The rise of Imelda, in her own words
By Ian Cuthbertson
1 May 2010
When rock musician David Byrne found out Imelda Marcos wanted the phrase "Here lies love" as her epitaph, he was inspired.
"It was like being handed a title on a platter," he says. It was five years in the making, but Here Lies Love, a 22-song musical about the widow of former Philippines president Ferdinand Marcos, has just been released as a double CD.
The show, co-written by former Talking Heads frontman Byrne and Fatboy Slim (Norman Cook), first saw light at the 2006 Adelaide Festival. Murray Bramwell wrote in The Australian: "There are intriguing ironies in Byrne's approach to Imelda, but we need more perspective and contrast. Here Lies Love is a likable concert, full of good tunes and unfathomable ambiguities. It may yet be a terrific show, with perceptive themes and liberating anti-theatrical elements, but at the moment the festival is hosting an uncertain work in progress."
Average notices aside, Byrne says the outing was incredibly useful. "Part of doing it as a festival show in Adelaide was to find out which songs were superfluous to telling the story, and we found that a couple were," he says. "I didn't dump them from the record but they won't be in any theatrically staged version we might do in the future. That's what we learned from Adelaide."
Every musical needs to be performed in front of an audience, preferably sooner rather than later, to see if it flies. But with the funky beats of Cook -- English DJ, big beat musician, record producer and electronic dance pioneer -- forming the backbone of much of the music, there was another test Byrne wanted to apply. "We also wanted to know if people would start dancing to the songs, which they did, especially in the second half, where things get a little more upbeat," he says.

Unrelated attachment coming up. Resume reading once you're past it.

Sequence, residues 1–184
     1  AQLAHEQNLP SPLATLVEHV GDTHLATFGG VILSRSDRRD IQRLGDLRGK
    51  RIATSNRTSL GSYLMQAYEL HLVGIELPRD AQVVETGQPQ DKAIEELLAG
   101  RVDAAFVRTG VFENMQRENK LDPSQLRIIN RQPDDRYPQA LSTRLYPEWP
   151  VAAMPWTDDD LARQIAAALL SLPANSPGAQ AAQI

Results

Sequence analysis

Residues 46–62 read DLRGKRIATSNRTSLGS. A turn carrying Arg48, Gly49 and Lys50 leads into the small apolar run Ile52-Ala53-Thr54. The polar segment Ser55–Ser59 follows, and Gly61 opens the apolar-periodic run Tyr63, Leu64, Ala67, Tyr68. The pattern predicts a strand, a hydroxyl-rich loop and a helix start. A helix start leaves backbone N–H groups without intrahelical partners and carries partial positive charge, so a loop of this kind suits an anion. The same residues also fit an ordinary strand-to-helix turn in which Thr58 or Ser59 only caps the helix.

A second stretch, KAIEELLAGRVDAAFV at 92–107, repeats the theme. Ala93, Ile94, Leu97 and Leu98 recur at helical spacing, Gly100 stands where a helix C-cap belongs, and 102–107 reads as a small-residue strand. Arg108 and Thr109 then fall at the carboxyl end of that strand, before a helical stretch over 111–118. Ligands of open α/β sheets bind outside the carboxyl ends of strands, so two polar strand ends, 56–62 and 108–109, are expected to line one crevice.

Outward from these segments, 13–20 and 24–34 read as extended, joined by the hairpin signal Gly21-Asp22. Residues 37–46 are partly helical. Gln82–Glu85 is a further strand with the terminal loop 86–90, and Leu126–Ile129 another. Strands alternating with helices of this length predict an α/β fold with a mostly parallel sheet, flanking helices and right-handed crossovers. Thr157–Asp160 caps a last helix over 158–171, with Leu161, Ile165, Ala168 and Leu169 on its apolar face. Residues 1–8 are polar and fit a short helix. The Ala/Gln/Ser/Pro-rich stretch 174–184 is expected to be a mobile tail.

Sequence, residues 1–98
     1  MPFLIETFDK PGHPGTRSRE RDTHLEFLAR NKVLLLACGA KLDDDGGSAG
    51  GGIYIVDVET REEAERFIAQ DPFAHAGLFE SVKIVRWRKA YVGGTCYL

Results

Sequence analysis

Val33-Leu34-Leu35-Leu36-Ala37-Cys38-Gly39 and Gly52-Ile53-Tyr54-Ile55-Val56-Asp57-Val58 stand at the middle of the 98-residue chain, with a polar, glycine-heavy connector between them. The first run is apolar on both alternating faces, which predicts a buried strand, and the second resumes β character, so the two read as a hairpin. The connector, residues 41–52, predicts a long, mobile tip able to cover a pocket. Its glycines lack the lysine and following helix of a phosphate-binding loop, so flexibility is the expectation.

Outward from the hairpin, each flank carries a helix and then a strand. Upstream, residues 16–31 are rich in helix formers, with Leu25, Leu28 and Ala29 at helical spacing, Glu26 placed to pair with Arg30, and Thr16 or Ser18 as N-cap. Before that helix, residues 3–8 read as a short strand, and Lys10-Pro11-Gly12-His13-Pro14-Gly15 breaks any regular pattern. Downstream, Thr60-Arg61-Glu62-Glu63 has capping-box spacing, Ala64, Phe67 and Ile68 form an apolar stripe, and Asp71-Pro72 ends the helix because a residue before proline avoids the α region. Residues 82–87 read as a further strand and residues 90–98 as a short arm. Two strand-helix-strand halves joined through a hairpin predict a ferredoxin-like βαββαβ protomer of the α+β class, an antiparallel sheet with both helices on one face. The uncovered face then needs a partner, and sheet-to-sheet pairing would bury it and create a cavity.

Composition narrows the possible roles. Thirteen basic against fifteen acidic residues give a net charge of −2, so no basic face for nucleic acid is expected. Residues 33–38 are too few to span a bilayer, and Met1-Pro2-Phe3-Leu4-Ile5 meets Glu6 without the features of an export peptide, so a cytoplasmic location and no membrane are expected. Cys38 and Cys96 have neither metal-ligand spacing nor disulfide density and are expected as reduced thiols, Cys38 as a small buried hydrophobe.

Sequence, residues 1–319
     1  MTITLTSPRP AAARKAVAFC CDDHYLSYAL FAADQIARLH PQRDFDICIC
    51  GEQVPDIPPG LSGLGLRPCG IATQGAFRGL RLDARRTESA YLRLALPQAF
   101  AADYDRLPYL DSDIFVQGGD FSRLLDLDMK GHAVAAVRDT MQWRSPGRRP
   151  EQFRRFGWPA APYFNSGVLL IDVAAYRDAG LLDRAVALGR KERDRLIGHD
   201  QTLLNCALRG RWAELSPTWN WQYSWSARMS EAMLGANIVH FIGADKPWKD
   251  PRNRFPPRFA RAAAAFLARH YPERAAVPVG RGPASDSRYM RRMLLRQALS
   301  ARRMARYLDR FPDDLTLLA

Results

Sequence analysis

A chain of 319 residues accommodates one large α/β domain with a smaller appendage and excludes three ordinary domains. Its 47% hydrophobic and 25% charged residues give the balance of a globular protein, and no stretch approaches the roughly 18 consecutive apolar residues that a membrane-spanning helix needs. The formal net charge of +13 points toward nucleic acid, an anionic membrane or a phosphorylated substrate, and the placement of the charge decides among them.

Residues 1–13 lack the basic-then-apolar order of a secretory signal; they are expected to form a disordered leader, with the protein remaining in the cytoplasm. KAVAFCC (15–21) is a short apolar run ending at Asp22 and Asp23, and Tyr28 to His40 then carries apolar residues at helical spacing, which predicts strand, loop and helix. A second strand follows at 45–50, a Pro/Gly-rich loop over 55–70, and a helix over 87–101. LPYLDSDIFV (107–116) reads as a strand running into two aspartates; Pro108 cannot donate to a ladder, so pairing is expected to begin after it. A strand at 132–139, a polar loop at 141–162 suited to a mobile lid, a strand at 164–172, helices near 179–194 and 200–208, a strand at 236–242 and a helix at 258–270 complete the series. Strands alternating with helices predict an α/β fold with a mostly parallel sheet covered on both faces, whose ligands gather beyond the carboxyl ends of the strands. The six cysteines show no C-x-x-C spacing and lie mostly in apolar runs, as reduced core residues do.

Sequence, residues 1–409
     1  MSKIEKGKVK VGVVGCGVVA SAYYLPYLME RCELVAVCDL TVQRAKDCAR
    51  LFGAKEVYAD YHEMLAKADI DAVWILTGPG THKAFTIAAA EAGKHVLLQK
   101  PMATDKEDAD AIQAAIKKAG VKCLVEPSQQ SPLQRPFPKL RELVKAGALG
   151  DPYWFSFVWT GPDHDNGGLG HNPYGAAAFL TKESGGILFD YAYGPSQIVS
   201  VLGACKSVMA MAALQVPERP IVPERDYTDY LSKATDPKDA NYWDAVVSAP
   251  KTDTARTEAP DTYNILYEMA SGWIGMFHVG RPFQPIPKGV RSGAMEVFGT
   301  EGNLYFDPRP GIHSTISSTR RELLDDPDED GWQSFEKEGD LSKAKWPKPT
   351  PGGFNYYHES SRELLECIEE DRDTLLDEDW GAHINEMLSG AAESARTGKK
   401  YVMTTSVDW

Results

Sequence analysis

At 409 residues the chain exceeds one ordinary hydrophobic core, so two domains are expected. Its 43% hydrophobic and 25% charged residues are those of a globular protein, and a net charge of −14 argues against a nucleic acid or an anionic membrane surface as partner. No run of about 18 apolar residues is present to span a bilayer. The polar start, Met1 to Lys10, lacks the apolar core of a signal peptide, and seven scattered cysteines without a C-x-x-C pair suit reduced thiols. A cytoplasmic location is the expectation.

If five years on the project seems like a long time, "it will probably be another year before we get a theatrical version together. It's just such a process," Byrne says. He is not sure the show would work as traditional Broadway fare ("it has no book, in the theatrical sense"), but he's convinced it will find its niche. "It will be a kind of hybrid: not quite Broadway and not quite a rock opera."
At one time Byrne considered bumping the show quickly in and out of discos, and indeed the idea is floated in the hardback book by Byrne that accompanies the deluxe edition of the CD. It is no longer on the agenda.
"I wrote that five years ago when there were a couple of mega-discos left," Byrne says. "I think they're all gone now."
Times do change, and quickly. Not only have discos gone the way of big hair and flares but the traditional album is under threat in the era of the digital download. So where does that leave a $45 double CD with a 115-page hardback book and a DVD tucked inside the back cover? "For a lot of folks the continuation of the album format is going to be a really difficult sell," Byrne says, before admitting he is as guilty as anyone else of quickly grabbing the one or two songs he likes from a particular album. "In a way this cherry-picking is supported by the record companies, [which] really do focus on a couple of songs on an artist's album that they think will pull the rest along," he says. "So I thought, what if you give people a reason to listen to more than one or two songs? They'll get more of a story, they'll find out more about the character of the person who's singing the songs, their history, and some real depth."